LIENDO PLANTATION. In 1830 José Justo Liendo, of Leona Vicario, then residing in Nacogdoches, gave Thomas F. McKinney power of attorney to locate ten of the eleven leagues of land Liendo had purchased from the Mexican government two years before. McKinney located five of the ten leagues in what is now Waller County, where the remarkable shape of the tract still stands out on maps, since the survey was run to include only "entirely vacant" land. In 1841 McKinney, still acting for the owner, sold Leonard W. Groce the part of the Liendo survey that lay north and west of Pond Creek, "3,000 acres, more or less," for $1,500. Groce increased his holdings through the years and in 1860 paid $1,200 for the remainder of the five leagues that had not been sold. Groce's home on the plantation, which he named Liendo, was built by slave labor and completed in 1853. Bricks were made from the red clay of the Brazos. The foundation was of brick, stuccoed with red plaster. The chimneys were of brick, plastered with lime. The house, colonial in style, had outer walls of drop-leaf siding, painted white. The adjustable blinds were dark green. The floors and ceilings were tongue-and-groove yellow pine. The ceiling of the drawing room was hand-painted in a design of roses and morning glories, the same design being carried out in its frieze. The interior walls were smoothly finished in plaster. The wainscotting of the dining room and the second-floor bedrooms reached six feet above the floors. The kitchen had facilities large enough to roast a whole beef; whole roast pig was mere routine. A "bachelors' hall" on the grounds was equipped to house guests. The Groce children and children of neighbors were instructed by a tutor at a schoolhouse on the plantation. A convenient stopping place between the Houston-Galveston area and Austin, Liendo had a stream of guests that included the prominent of its day. Revenues of the plantation, which was operated with about 300 slaves, have been estimated as high as $80,000 to $100,000 a year in good years.
During the Civil War, Camp Groce was established at Liendo, where cavalry, artillery, and infantry were recruited. Converted to a prisoner of war camp, it housed troops captured at the battle of Galveston. From September 1 to December 1, 1865, the plantation was the camping place of Gen. George A. Custer and his command. In 1866 Groce sold the white elephant Liendo had become but had to take it back the next year. In 1873 Leonard W. Groce, Jr., sold Elisabet Ney and Edmund D. Montgomeryqqv 1,100 acres, "the homestead tract of the late Leonard W. Groce, Sr.," for $10,000. The new owners knew nothing about cotton planting, and the procession of their mortgages was long. In 1909 Dr. Montgomery, Elisabet Ney having moved to Austin earlier, deeded Liendo to Theodor Low, reserving for himself a life interest and right of occupancy. The same year Low sold to W. P. Gaines, who in 1910 sold the property to George W. Harris, of Hughes County, South Dakota. Dr. Montgomery waived his life interest and reserved only the right to use a portion of the main house. He stayed at Liendo until his death in 1911. He and Elisabet Ney were buried in a grove of live oaks on the grounds. In 1943 Mrs. Laura B. Harris, widow of George W. Harris, sold her property to Miss Willene Compton, who occupied the mansion. A record of the appearance and condition of the mansion at Liendo has been deposited in the Library of Congress. Among the relics to be seen at Liendo are possessions of Elisabet Ney and Dr. Montgomery. The plantation was purchased by Phyllis and Carl Detering in 1961 and completely reconstructed and modernized.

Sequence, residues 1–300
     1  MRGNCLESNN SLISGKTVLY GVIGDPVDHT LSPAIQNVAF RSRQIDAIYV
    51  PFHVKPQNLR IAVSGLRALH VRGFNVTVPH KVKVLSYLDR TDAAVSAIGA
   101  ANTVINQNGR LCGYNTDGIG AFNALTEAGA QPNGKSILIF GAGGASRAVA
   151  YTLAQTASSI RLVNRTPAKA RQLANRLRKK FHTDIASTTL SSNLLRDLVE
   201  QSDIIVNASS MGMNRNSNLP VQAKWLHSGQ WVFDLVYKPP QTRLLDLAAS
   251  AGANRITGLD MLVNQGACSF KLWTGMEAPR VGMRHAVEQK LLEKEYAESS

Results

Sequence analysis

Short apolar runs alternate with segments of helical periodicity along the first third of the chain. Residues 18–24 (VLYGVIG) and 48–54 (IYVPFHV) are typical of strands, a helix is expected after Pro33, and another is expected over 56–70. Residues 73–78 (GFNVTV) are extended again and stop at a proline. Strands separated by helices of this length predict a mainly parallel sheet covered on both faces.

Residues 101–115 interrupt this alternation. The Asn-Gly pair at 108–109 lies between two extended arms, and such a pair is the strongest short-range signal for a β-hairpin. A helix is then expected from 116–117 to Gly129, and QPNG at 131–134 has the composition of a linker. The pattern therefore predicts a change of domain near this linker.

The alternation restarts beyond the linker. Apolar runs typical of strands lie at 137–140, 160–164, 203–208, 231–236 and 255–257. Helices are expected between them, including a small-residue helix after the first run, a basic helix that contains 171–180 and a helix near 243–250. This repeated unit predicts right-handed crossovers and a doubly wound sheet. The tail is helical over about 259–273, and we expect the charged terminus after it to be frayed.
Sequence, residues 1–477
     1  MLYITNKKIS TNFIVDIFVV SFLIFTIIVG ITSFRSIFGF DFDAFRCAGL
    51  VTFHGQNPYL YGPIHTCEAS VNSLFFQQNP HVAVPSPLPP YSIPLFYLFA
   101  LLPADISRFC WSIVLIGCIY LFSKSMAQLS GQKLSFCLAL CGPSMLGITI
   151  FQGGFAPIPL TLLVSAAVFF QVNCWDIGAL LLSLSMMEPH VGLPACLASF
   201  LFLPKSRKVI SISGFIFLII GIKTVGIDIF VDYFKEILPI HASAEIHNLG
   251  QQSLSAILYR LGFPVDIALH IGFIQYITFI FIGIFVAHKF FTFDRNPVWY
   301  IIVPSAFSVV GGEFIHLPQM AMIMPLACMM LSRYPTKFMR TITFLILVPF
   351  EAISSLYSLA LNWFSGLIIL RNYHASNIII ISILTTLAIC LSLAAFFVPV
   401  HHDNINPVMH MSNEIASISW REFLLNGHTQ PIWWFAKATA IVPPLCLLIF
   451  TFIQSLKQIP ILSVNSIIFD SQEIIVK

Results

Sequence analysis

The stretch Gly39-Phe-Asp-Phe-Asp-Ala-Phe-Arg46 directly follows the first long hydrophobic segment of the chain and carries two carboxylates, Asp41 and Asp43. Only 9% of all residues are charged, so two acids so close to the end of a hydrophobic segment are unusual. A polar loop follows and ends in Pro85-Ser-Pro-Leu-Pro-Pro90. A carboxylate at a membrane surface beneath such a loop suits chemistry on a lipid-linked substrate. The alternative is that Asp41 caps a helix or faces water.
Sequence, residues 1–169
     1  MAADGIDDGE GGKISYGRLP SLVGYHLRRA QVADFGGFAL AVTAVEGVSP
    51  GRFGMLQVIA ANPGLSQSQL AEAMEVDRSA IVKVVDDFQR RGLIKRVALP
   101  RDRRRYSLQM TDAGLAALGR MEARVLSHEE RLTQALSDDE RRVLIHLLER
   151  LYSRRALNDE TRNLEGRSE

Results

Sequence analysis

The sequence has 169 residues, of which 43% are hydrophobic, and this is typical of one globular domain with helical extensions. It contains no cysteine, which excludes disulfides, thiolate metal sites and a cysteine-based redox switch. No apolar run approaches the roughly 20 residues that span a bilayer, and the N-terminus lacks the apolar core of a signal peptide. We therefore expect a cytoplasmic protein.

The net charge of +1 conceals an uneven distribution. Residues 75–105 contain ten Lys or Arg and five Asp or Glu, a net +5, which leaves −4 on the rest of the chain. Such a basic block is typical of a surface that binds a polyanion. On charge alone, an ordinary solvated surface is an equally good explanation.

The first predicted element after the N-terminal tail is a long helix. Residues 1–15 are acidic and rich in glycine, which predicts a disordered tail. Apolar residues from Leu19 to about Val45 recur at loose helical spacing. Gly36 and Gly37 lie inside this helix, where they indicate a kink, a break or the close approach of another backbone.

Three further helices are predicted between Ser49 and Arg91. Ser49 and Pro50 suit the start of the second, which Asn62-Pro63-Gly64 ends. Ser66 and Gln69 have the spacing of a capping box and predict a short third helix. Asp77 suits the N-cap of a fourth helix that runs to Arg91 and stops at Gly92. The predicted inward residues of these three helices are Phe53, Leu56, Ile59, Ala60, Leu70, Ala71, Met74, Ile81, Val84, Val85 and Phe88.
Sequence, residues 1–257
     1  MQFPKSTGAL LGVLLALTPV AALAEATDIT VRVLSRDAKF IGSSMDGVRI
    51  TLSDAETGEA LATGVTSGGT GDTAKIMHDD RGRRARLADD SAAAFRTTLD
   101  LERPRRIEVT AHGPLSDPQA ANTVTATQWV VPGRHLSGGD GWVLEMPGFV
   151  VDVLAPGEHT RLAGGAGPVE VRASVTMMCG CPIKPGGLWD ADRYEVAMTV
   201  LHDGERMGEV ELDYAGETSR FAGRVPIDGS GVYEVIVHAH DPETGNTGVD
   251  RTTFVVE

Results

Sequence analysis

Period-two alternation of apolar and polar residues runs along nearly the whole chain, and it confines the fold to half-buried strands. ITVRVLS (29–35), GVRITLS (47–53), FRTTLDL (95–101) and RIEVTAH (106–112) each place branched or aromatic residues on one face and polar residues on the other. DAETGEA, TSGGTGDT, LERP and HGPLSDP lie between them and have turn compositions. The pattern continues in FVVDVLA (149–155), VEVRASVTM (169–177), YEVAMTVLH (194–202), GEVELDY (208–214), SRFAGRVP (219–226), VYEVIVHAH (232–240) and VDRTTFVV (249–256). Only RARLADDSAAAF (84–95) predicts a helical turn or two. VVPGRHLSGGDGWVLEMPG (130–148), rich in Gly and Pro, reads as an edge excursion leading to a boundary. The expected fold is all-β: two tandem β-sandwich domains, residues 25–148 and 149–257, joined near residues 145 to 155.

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The following, adapted from the Chicago Manual of Style, 15th edition, is the preferred citation for this article.Handbook of Texas Online, Julia Beazley, "Liendo Plantation," accessed May 27, 2016, http://www.tshaonline.org/handbook/online/articles/ccl01.
Uploaded on June 15, 2010. Published by the Texas State Historical Association.
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